2 KC Entrepreneurs Show You How to Run a Successful Crowdfunding Campaign

Do you need money to launch or scale your business? According to the U.S. Bureau of Labor Statistics, 47% of startup failures in 2022 were due to a lack of financing. If the traditional banking route isn’t working out, it might be time to try crowdfunding.

A growing number of entrepreneurs are raising capital for their projects or ventures through online campaigns where large groups of people can donate or invest small amounts that can potentially add up to significant support. The global crowdfunding market is expected to reach nearly $43 billion by 2028.

Explore how and when to find loans, grants and equity funding for your Kansas City business—and who can help—in our 10-part funding guide.

Bryght Labs, an Overland Park, Kansas-based connected gaming startup, raised $1.7 million on Kickstarter and another $222,000 on Indiegogo for ChessUp, an AI-enabled smart chess board. Founder and CEO Jeff Wigh says the campaign solidified the company.

“Crowdfunding helped us prove demand and provided capital for our project development,” Jeff says. “Both are incredible benefits for expensive development efforts in consumer electronics.”

Another Kansas City business Interplay raised $11,047 in 35 days on Kickstarter for its PlayTach dog crate attachment that allows people to feed, water, see, hear and speak to their pets using a mobile device. Founder and CEO Jonaie Johnson says crowdfunding allowed the enterprise to advance without giving equity in exchange for funding.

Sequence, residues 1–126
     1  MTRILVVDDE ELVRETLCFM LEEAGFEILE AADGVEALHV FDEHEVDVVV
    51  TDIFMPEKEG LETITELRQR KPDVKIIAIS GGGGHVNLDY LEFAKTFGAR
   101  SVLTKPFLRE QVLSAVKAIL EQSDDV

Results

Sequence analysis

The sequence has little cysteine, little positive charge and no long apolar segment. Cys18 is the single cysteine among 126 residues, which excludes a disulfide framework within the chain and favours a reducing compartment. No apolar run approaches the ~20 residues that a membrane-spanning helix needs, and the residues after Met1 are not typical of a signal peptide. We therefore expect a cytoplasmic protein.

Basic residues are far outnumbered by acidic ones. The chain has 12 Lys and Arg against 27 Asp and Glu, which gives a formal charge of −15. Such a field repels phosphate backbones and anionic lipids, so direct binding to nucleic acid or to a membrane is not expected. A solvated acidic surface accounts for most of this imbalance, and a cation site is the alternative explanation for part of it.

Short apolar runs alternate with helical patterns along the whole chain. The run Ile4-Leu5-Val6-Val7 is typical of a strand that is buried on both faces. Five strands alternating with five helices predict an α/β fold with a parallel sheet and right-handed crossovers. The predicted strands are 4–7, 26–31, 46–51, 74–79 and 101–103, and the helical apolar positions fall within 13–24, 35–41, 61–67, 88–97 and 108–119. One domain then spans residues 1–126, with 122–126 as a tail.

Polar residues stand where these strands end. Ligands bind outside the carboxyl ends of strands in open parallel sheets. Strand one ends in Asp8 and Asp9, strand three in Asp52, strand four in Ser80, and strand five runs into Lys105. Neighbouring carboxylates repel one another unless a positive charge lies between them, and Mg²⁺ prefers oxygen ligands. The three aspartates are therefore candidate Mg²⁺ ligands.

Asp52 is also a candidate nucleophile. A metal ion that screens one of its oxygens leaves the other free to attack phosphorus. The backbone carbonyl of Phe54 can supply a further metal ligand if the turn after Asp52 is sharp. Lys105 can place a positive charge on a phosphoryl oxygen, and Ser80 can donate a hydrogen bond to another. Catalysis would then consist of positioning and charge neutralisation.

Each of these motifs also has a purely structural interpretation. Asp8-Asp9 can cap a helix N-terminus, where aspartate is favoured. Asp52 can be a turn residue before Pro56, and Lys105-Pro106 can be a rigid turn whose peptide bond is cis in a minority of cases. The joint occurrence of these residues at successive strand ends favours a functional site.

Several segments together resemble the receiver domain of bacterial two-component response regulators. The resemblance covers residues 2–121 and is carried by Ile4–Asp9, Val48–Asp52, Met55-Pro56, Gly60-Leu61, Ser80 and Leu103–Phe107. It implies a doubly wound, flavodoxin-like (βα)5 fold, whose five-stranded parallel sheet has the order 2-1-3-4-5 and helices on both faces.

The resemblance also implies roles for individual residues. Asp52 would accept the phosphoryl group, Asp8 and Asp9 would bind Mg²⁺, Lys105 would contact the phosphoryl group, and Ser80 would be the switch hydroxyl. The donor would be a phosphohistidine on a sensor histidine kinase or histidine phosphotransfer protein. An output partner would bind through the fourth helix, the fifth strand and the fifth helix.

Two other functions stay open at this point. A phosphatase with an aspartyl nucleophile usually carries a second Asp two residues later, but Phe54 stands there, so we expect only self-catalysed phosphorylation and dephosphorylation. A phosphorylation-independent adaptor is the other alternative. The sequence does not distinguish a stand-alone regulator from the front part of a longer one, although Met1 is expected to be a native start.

“Crowdfunding gave us a lot of traction,” she says. “It allowed us to begin building out the product’s beta version and we’re also able to use it as bragging rights when talking to investors. The success of the campaign showed people would actually buy our product.”

Want to learn more about the ins and outs of crowdfunding to get money for your business? Read on for Jeff’s and Jonaie’s advice on how to achieve success with this modern approach to startup financing.

Whether you’re starting a business, growing one or just have an idea sketched on a napkin that you’d like to test out, KCSourceLink is ready to help. Get your free Personal Action Plan of next steps and connect to the resources and experts that can take your Kansas City business to the next level.

Build your network

Jonaie encourages entrepreneurs to network and generate hype for their businesses before launching a crowdfunding campaign. She attributes much of the success of her campaign to strong relationships with other founders and entrepreneurship-focused organizations in Kansas City, such as InnovateHer KC, UMKC Entrepreneurship Scholars Program (E-Scholars) and Black Excellence KC.